Engagement in spiritual activity may benefit cognitive function [3]


[1] https://www.ncbi.nlm.nih.gov/pmc/articles/PMC4964962/

[2] https://www.ncbi.nlm.nih.gov/pubmed/30873082

[3] https://www.ncbi.nlm.nih.gov/pubmed/24088403

Edited by Alchemica
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Making Love  - How spirituality changed my relationships


Keen to hear what spirituality has changed for your life?


There are a few things that have shifted for me through some recent spiritual experiences.


In two words: My relationships


Most notably towards life. Just a peaceful calm acceptance of it with some re-invigoration. And of death.


Also, my relationships:


Aiming for my healthy relationships with friends, family and myself but also


1. towards substances
2. towards suffering
2. towards sexuality
3. towards "others"
4. towards love


 ...some people are evolving in their spiritual awareness toward meaning-making, healing, and peace, while others remain in a state of chronic anger and suffering. I was stuck in the cycles of painful devolution WAY too long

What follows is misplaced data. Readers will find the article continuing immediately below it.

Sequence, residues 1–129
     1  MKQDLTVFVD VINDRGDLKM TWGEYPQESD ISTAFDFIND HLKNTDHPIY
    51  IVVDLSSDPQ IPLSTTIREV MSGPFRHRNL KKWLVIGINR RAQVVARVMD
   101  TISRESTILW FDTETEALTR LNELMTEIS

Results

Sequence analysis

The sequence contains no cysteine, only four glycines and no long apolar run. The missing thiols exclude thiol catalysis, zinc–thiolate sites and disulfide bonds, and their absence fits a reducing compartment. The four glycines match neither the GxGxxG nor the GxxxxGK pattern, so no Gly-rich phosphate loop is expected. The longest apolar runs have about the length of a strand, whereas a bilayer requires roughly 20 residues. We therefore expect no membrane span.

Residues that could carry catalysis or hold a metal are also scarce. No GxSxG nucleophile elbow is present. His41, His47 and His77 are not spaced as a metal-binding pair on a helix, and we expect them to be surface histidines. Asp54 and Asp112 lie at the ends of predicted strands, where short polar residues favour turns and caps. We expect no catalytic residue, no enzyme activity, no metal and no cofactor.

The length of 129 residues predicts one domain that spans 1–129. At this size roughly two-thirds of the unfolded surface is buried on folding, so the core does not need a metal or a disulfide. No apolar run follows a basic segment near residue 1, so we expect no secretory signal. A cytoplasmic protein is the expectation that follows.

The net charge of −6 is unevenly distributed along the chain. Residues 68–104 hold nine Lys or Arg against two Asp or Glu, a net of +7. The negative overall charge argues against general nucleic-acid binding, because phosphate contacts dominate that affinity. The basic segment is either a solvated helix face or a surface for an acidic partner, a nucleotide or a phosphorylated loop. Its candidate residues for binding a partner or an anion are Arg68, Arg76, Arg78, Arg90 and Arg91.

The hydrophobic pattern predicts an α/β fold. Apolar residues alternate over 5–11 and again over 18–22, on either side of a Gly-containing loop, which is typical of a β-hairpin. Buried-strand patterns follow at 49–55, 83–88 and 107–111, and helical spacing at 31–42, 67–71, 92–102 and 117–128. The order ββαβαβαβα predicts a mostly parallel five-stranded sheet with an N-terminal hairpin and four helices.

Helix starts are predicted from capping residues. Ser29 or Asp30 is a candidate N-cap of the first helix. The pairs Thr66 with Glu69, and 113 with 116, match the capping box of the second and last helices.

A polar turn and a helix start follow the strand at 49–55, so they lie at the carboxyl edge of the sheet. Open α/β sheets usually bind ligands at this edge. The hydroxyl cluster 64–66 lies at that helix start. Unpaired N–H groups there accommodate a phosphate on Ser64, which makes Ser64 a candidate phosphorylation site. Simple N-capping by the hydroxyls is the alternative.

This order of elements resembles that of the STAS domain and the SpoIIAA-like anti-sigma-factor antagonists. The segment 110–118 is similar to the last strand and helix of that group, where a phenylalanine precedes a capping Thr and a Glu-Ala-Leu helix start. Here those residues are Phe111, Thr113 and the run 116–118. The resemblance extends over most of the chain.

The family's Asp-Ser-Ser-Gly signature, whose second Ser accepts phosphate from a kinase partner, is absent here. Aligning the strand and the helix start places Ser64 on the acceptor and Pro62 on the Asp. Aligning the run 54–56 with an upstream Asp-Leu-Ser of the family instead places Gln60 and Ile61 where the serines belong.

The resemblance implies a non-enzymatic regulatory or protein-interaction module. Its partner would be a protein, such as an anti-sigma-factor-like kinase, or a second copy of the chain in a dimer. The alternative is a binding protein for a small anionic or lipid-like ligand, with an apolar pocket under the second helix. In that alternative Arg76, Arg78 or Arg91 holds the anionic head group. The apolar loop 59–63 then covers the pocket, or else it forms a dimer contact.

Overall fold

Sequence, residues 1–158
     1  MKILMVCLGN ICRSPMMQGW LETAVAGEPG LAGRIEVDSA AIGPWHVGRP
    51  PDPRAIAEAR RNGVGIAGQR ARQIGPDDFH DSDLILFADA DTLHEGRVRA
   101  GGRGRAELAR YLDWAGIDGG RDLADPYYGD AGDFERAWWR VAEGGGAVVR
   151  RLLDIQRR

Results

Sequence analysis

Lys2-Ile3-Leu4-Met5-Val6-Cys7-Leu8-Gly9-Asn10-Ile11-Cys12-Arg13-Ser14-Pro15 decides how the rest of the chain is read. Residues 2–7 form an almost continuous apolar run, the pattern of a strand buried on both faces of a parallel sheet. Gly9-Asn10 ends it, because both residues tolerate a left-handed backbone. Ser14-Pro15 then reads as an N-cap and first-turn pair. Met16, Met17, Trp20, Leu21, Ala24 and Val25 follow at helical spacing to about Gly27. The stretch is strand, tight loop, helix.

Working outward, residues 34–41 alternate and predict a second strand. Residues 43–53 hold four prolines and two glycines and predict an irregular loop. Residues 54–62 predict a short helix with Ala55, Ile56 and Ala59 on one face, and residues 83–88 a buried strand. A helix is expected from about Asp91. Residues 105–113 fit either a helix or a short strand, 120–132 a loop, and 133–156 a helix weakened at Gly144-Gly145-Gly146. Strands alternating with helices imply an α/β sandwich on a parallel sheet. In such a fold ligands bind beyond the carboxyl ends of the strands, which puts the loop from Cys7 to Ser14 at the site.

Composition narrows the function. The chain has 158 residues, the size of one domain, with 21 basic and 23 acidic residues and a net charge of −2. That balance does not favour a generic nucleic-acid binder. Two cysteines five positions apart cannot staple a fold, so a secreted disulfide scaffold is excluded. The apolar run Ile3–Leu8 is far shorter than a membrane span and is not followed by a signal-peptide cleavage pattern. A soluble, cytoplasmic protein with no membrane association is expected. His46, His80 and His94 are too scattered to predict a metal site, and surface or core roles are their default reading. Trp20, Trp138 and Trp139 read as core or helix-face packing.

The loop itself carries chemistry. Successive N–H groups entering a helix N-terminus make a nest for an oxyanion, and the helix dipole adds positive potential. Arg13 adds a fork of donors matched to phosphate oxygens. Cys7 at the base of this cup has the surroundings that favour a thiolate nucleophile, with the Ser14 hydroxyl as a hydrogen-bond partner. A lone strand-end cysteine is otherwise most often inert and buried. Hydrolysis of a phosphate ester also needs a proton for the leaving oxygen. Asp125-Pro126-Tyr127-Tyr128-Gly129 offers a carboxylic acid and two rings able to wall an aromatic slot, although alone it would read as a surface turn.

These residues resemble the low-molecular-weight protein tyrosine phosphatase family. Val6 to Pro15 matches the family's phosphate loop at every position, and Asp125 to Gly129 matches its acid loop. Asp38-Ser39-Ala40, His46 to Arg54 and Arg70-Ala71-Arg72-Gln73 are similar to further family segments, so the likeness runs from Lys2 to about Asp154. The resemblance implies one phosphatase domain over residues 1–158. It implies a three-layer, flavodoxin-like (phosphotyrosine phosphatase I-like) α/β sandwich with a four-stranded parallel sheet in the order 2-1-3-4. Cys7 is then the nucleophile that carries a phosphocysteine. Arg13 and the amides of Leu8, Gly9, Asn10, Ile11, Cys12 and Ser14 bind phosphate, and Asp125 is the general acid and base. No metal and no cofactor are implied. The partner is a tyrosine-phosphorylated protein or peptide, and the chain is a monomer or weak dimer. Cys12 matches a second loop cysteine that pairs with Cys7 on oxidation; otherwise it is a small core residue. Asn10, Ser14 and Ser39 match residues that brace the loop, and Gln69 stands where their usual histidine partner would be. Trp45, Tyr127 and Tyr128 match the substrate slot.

The pain in the human heart needs to be attended to by rituals and practices that, when practiced, will lessen anger and allow health and creativity to flow anew

Some individuals start to explore new spiritual paths, becoming more aware of higher realms of consciousness, and a sense of divine presence


Towards substances


 These days I'm a teetotaller. Literally just drink black tea.


After so long of pharmacological exploitation of biological mechanisms (and maladaptive behaviours) that normally generate healthy attachments between friends, family and lovers one can use a core strategy of grief therapy to facilitate growth of the individual into new healthy pre-occupations, habits and relationships [1]